SOKA and Mujen

Innovative new spirits you might never have tasted before.
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Empirical, the maker of SOKA, was founded by Lars Williams and Mark Emil Hermansen.

With so many tequilas, gins, and bourbons on the market these days, you need to be a celebrity, like George Clooney or Matthew McConaughey, to launch a new brand that will really stand out. Rather than fight for attention in this crowded field, a few alcohol entrepreneurs have turned their focus to innovation instead.

Among the most daring is Empirical, founded by Lars Williams and Mark Emil Hermansen, former chefs and concept creators at Noma—which for many years held the number-one spot on the World’s 50 Best Restaurants list. They left the restaurant to launch their “flavor company” in 2017, exploring free-form spirits made from offbeat botanical ingredients sourced from small farms around the world.

Early bottlings included Ayuuk, made from pasilla peppers from Mexico’s Sierra Norte region, and the playfully named “The Plum, I Suppose,” made from plum pits and marigolds. SOKA, their first American spirit, is distilled from highly sustainable midwestern sorghum. “It’s one of humanity’s first crops, and is drought resistant,” explained Hermansen during a launch event at Overstory, the 64th-floor cocktail bar in lower Manhattan.

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SOKA in a Lazy Daisy cocktail at Overstory in New York City.

The spirit is produced through vacuum distillation, an innovative process that preserves the esters, resulting in vivid notes of hay, green apple, melon and cucumber. “SOKA unlocks sense memories with its poignant aromas,” said Williams. “It evokes walking through fresh-cut grass with farm aromas in the background.”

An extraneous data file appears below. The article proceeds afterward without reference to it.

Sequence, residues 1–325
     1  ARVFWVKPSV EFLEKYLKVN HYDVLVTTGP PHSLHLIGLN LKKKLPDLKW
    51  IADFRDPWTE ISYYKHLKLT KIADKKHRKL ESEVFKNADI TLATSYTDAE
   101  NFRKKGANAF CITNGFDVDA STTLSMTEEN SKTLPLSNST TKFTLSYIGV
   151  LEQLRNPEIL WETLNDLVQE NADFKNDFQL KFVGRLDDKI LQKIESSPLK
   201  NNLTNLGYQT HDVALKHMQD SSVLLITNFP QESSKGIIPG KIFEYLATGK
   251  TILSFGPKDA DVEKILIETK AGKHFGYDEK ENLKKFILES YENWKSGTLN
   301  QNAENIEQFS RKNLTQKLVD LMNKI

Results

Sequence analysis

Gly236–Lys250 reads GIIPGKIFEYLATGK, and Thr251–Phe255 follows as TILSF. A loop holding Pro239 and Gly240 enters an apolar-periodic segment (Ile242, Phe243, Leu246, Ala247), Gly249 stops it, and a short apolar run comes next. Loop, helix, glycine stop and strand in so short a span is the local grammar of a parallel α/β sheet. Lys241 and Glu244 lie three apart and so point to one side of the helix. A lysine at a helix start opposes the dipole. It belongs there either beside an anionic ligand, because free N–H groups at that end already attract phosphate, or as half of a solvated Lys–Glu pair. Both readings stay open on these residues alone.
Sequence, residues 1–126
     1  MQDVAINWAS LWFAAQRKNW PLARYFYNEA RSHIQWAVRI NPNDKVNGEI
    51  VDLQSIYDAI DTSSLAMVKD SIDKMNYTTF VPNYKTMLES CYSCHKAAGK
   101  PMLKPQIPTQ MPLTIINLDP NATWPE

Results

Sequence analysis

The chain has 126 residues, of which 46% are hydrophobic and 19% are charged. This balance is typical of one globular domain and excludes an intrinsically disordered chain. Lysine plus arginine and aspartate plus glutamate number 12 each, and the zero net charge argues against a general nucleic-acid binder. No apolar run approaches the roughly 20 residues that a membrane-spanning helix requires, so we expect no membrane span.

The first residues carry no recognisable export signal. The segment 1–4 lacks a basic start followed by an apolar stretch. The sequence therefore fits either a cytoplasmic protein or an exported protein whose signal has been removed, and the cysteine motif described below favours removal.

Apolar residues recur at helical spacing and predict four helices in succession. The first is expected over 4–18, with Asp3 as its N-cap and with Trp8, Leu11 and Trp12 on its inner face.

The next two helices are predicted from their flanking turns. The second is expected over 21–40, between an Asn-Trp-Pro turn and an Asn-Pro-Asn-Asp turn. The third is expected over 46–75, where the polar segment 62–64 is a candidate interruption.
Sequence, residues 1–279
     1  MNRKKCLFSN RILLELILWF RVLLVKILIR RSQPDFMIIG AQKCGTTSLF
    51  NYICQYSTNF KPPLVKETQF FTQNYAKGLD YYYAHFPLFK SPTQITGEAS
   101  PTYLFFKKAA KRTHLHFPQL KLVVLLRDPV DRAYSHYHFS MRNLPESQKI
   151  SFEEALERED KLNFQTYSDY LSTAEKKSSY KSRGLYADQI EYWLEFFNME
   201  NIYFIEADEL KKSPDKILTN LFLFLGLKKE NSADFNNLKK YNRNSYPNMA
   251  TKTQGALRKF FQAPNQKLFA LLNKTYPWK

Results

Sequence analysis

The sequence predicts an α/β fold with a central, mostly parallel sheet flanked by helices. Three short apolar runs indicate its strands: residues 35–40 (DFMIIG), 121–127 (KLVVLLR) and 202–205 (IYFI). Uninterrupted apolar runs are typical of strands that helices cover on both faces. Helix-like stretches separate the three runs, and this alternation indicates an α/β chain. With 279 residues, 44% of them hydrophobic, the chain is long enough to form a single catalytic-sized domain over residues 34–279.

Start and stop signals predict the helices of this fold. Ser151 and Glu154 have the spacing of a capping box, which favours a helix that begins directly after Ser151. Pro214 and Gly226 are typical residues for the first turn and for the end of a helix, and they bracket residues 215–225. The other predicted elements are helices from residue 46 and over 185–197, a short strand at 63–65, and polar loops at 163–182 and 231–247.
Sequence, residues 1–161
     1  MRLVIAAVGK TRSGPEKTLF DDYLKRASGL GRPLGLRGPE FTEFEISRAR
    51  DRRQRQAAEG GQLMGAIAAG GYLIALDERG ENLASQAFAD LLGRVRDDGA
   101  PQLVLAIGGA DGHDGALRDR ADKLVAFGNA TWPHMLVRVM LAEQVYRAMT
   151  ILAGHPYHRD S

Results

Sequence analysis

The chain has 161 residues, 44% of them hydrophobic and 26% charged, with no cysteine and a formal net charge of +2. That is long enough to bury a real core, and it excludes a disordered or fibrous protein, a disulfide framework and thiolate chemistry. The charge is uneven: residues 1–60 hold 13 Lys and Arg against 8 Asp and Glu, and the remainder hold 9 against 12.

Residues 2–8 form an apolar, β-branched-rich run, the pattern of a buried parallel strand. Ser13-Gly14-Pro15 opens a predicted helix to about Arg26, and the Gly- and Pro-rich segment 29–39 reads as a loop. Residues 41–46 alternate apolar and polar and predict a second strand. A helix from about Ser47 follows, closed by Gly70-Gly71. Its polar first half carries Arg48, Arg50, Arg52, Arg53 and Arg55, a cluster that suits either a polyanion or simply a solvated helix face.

SOKA is designed to challenge mixologists to explore new flavor profiles. At Overstory, bartender Iain Griffith of Trash Tiki mixed the spirit with white port and Chartreuse (in the Lazy Daisy) and with coconut syrup and crème de menthe (in his take on a Grasshopper). Both drinks were exciting and delicious.

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Bruce Bozzi and Sondra Baker launched Mujen, a carbohydrate-free, gluten-free, low-alcohol shochu.

Cocktails are also the perfect vehicle for experiencing your first taste of Mujen, another offbeat addition to the American spirit market. This super premium Japanese shochu is the brainchild of graphic designer Sondra Baker and celebrity restaurateur Bruce Bozzi, who teamed up to create their own carbohydrate-free, gluten-free, low-alcohol shochu.

Baker, founder of Los Angeles’ first fine dining restaurant delivery service, decided to launch her own spirits brand after tasting her first light, clean shochu cocktail. The process began with a trip to Japan in which she visited 28 shochu distilleries. “It was monsoon season,” she said, recalling detours across flooded rivers. “I found some earthy, some sweet, some botanical, some koji-forward shochu.”

At the women-run Sengetsu distillery, founded in 1903, she finally came upon the perfect “subtle, rounded, smooth,” specimen, made from high-quality Hinohikari rice and pure riverbed water. “I bonded with CEO Junko Tsutsumi, fourth generation, great-granddaughter of the founder, one of the few women running a distillery,” Baker said.

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Mujen’s Tokyo Lemonade cocktail.

Back in Los Angeles, she convinced her friend Bozzi, whose family founded the Palm steakhouse—and who hosted a celebrity talk-show on SiriusXM radio—to sign on as partner as she began devising her new export brand. With Bozzi on board, Baker designed a stunning bottle featuring a bold circular brush stroke, the symbol for infinity. Mujen comes in three expressions: Ai Lite at 23 percent ABV; Original at 35 percent; and X, which resembles a Japanese whiskey at 42 percent.

Andy Cohen and Anderson Cooper, friends of Bozzi’s, drank Mujen on their New Year’s Eve broadcast. Six months later, I attended the launch party at Manhattan’s exclusive Core Club, with Baker, Bozzi and his power agent husband, CAA’s Bryan Lourd. The Tokyo Lemonades went down too easy.

The print version of this article appears with the headline: SOKA and Mujen.